Collegiate pole vaulters add star power to Aurora festival event

AURORA — Seven-year-old Trenten Stevens competed in Friday night’s Street Vault in Aurora because of a friendship he has made with University of Nebraska pole vaulter Beau Simmons.

Stevens was encouraged to give pole vaulting a try by Simmons, who graduated from Aurora High School in 2011. Stevens has looked up to Simmons since the Aurora athlete gave him a wristband after a football game in Simmons’ junior year of high school. Ever since then, they’ve kept in touch, with Simmons serving as something of a mentor.

A year ago, Stevens wore sunglasses while he vaulted, but that didn’t work so well. As he tried to ascend into the sky Friday night, he was attired in a black cape with a bandana around his head.

He wore the cape because he thinks pole vaulters “look like superheroes,” said his mother, Tiffany Stevens. This year, he cleared 4 feet 6 inches, which was 6 inches better than last year.

Husker coaches might want to keep an eye on Stevens, who will enter the second grade this fall.

Stevens, though, was not the youngest of the 25 vaulters who took part in the Street Vault.

That distinction belonged to Eastyn Esslinger. He is the 3-year-old son of Phil Esslinger, one of the leaders of Aurora’s Sky High Vault Club.

Eastyn Esslinger is very interested in pole vaulting, the result of tagging along with his father to track practice and meets. Phil Esslinger is a volunteer coach with the Aurora middle school-age track team.

Like the other adults involved in the Sky High Vault Club, Phil Esslinger likes to see people get involved in vaulting at a young age.

“If you get them started early, then they catch on to it later,” he said.

Experts say it takes seven years for a young person to really get a handle on pole vaulting, Esslinger said.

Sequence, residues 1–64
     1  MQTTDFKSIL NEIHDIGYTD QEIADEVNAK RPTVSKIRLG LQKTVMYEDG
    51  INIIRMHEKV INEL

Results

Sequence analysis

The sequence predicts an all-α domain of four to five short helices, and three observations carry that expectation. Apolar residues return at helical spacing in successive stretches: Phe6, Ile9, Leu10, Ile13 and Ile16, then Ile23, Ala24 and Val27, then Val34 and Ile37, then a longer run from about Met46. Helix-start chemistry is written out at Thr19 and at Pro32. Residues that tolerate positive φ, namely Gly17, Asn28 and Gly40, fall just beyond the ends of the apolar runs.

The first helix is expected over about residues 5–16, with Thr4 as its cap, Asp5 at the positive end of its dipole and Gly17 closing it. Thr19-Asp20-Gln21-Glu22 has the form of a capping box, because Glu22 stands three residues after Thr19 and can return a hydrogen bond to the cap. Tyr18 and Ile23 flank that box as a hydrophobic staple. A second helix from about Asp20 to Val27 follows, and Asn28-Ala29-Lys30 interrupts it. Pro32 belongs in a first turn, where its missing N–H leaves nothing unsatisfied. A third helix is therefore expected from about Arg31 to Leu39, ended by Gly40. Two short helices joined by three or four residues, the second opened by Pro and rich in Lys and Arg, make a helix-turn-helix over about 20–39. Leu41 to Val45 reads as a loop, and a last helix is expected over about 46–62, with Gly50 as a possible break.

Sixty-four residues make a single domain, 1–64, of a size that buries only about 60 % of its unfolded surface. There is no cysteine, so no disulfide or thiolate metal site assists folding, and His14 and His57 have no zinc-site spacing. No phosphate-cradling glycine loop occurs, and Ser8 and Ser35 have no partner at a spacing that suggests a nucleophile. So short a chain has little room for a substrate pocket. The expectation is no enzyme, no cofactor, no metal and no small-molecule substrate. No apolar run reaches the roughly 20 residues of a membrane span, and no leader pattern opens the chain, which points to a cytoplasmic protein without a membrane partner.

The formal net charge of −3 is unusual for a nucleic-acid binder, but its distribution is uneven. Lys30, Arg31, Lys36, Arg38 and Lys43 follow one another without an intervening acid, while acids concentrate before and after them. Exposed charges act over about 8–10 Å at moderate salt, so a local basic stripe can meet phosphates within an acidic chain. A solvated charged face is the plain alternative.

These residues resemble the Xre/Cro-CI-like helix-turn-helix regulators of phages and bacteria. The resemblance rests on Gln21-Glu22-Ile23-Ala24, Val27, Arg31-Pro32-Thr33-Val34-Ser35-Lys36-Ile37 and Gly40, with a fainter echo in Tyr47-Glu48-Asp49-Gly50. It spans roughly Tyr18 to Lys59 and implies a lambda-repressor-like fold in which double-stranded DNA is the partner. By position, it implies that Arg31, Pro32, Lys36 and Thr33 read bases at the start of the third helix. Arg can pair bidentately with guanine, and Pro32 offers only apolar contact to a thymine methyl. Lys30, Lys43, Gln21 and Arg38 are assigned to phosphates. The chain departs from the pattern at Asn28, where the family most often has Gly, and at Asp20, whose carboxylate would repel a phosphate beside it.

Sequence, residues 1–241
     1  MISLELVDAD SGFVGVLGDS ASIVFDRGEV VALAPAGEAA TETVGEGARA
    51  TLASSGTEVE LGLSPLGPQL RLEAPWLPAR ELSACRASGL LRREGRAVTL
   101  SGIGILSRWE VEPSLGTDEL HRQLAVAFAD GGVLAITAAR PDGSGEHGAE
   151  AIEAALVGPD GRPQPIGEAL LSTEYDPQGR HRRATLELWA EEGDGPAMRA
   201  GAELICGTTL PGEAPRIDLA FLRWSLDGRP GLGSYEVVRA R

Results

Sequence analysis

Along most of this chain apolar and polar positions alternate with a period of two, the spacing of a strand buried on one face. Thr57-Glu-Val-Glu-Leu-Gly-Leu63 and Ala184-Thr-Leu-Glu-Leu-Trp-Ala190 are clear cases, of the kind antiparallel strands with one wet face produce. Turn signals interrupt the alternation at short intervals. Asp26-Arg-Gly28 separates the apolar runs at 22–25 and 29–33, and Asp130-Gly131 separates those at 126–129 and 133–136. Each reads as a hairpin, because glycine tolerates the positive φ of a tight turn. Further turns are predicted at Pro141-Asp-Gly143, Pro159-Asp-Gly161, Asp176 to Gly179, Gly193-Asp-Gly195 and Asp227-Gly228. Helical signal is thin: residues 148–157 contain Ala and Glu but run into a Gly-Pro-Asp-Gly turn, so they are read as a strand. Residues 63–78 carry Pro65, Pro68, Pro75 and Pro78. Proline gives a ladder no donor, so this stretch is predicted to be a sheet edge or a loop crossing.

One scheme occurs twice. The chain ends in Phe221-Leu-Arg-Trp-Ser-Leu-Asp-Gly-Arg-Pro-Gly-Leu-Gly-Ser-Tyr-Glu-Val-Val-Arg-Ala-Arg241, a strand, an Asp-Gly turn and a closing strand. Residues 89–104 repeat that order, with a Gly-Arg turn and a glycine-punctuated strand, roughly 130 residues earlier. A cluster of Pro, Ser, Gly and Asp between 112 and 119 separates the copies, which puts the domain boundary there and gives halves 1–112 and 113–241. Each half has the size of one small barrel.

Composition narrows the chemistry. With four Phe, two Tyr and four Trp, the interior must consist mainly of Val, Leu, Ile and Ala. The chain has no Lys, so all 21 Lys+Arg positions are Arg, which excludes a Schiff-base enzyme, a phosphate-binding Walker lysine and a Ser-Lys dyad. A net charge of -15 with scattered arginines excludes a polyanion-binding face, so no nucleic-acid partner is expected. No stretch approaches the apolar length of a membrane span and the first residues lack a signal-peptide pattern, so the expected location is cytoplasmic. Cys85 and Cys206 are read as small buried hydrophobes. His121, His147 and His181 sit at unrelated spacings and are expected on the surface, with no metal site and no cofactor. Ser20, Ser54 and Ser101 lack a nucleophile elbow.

The Street Vault is part of A’ror’n Days, which runs through Sunday. The oldest youngsters allowed to take part are going into the ninth grade.

The vaulting competition started in Aurora in 2007 and returned in 2011, continuing each year since then. But this is the first year the competition for young people took place on a Friday night.

In the past, the entire Street Vault, including high school and college vaulters, took place on the Saturday of A’ror’n Days. But the day went on too long, so the young vaulting event was moved to Friday night.

Holding the event Friday was “working out great,” said John Pursley, the pole vault coach for Aurora’s middle school athletes.

Having the vault competition take place in the shade of the Hamilton County courthouse made for a beautiful atmosphere. A good crowd of people, seated in bleachers, watched the young people head down the runway, poles in hand, and try to head skyward. Some of the very young vaulters needed help from Jeff Wilson, one of the Sky High Vault Club coaches.

Simmons, 22, was one of five Husker pole vaulters on hand at the Street Vault. Another Husker was Tess Merrill, a 2012 graduate of Grand Island Northwest. The college athletes seated at a table, signing autographs, also included 2012 Aurora High School graduate A.J. Farrand, who vaults at Nebraska Wesleyan.

The Street Vault is put on for the young people.

“It’s just a blast for the kids,” Pursley said. It “gives them something to do.”

For Saturday, the organizers hope to have the college vaulters competing just as the parade is going by the courthouse. Entrants line up for the parade at 10:30 a.m., with judging beginning at 11.

Members of the Sky High Vault Club practice Wednesday evenings during the summer. A main goal of the club is to keep young people involved in pole vaulting year-round. “We love the sport,” said Wilson, who coaches at Giltner and Aurora. Also involved in the club is Chad Carlson, Aurora High School’s head pole vault coach.

Kiya Fort, 13, competed Friday night “because I think pole vaulting is fun,” she said. She’s going into eighth grade at Aurora Middle School. Two other competitors were brothers Wyatt and Morgan Collingham of Beaver Crossing. Wyatt is 12 and Morgan is 9.

The competitor who traveled the greatest distance was Corey Grantham, 14, of Woodbine, Ga. A nephew of Tiffany Stevens, he’s spending several weeks in Nebraska.

The pole vaulters Friday night also came from Henderson, Centura, Boelus, Cairo, Fullerton, Giltner and Kansas.


Miranda Wieczorek

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